The above-mentioned market dynamics and cost structure create a financial arbitrage opportunity for all utility customers. This can happen in different ways that vary from energy storage to electricity generation behind the meter. It is worth noting that the electricity rate structure can change from one province or state to another. For utility cost calculations using heat pumps, it is strongly recommended to consult with an engineer to analyze the available opportunities, as well as the feasibility of heat pump heating applications, especially in markets that have complex electricity cost structures.
It is noteworthy that carbon reduction from electrification of heating systems will also depend on the building location and how electricity is generated in the area where the building is located. In Canada, for example, using a heat pump for building heating in Quebec can result in lower GHG emissions than in Alberta, due to differences in the GHG intensity of electricity generation between the two provinces.
Utility Costs: A Critical Factor for Owners
Since 2018, a Carbon Tax has been levied in Canada by the Federal Government, with the objective of putting a price on pollution, specifically carbon emissions. The price on carbon increased by $10 per tonne, reaching $50 per tonne of CO2 in 202210. This trend will continue, and yearly increases will get steeper after 2022 at $15 per tonne per year. By 2030, the carbon tax is expected to reach $170 per tonne of CO211 (see Figure 3). This is one of the strategies put forward by the Federal Government to help Canada meet its climate change commitments.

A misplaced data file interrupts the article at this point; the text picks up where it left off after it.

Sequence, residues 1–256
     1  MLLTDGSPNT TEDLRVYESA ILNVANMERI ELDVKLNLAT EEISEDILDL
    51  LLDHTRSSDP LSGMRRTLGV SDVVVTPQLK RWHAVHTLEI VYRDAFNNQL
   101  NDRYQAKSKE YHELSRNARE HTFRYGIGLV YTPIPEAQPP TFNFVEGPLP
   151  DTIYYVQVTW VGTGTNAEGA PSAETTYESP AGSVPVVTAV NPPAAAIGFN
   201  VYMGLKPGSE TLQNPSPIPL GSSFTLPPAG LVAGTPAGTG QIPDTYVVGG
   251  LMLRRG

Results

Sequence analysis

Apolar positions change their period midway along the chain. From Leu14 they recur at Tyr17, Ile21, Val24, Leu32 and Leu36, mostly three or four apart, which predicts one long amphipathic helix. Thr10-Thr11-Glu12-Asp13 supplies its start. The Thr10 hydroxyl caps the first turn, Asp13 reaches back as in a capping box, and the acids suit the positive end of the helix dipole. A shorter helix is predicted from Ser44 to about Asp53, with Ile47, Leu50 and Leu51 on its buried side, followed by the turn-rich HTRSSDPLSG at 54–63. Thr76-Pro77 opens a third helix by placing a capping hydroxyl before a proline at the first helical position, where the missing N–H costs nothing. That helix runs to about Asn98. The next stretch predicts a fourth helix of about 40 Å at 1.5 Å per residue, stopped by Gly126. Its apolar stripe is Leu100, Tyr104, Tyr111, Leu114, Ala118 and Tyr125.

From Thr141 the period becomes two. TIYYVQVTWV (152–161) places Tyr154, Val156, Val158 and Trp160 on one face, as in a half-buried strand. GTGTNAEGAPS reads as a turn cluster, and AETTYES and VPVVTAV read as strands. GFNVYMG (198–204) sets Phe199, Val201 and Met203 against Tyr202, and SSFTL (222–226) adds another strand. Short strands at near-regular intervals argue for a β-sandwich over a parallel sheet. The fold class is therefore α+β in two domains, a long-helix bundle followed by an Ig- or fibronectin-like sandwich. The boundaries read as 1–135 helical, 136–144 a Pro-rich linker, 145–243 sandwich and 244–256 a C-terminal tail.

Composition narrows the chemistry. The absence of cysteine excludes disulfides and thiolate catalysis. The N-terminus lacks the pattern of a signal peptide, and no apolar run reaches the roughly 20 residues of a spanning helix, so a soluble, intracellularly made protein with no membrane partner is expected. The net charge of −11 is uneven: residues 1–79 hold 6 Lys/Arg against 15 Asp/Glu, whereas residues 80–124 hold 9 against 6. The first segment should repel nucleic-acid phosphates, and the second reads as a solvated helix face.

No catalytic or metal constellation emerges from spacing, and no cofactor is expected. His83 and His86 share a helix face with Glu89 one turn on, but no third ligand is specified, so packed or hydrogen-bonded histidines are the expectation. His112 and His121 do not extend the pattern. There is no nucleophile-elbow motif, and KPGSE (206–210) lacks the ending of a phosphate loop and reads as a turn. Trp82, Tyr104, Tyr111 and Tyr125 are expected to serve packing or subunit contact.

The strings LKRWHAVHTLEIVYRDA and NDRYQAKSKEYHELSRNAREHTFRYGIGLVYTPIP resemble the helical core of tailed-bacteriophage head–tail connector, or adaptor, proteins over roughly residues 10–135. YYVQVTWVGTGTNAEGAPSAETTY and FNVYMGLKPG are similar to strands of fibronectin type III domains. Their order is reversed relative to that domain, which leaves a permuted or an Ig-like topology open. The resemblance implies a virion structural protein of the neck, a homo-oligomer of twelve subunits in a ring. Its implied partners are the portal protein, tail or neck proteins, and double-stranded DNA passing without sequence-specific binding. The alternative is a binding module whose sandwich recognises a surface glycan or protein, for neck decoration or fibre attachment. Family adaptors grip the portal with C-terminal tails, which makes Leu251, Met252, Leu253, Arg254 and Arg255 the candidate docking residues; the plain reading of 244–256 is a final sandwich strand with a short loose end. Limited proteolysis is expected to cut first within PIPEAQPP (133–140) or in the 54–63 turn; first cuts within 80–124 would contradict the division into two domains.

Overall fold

This is not unprecedented: as of 2021, countries such as Norway, Finland, Switzerland, and Sweden have also levied a carbon tax of $69, $73, $101, and $137 per tonne of CO2 respectively12. This tax has a direct impact on most of the energy we consume, including the energy consumed directly or indirectly by buildings and central heating and cooling plants (i.e., electricity and natural gas).
Buildings and energy systems that are designed today will be operational for many years to come; consequently, it is important to understand the impact that the carbon tax will have on utilities costs. Additionally, in countries like Canada, the impact will vary from province to province, even under the same carbon tax pricing structure, because each province has a distinct carbon footprint for their electricity grid and natural gas distribution. See Figure 4.
Figure 4. Reference provincial emission factors for electricity and natural gas13
In Ontario, for instance, based on the projected electricity grid emissions intensity and considering natural gas emissions intensity, the potential increase due to the proposed carbon tax structure is estimated as shown in Figure 5. This estimate assumes that the carbon tax associated with the utility emissions is directly passed down to clients; these estimates do not include commodity cost fluctuations.
Based on these assumptions, the electricity rate could increase from approximately $0.140/kWh in 2021 to $0.153/kWh by 2030, which represents a 9.3% increase due to the carbon tax. The natural gas rate could fluctuate from approximately $0.227/m3 in 2021 to $0.486/m3, which represents a 114.1% increase due to the carbon tax. These results assume an electricity rate of $0.140/kWh for 2021 (not including demand charges), electricity grid emissions intensity as per IESO’s Conservation Framework Mid-term Review - Appendix B.6 Climate Change14, a natural gas rate of $0.227/m3 for 2021, a natural gas carbon intensity of 1,888 gCO2/m3, and an annual escalation rate of 1% for both utilities.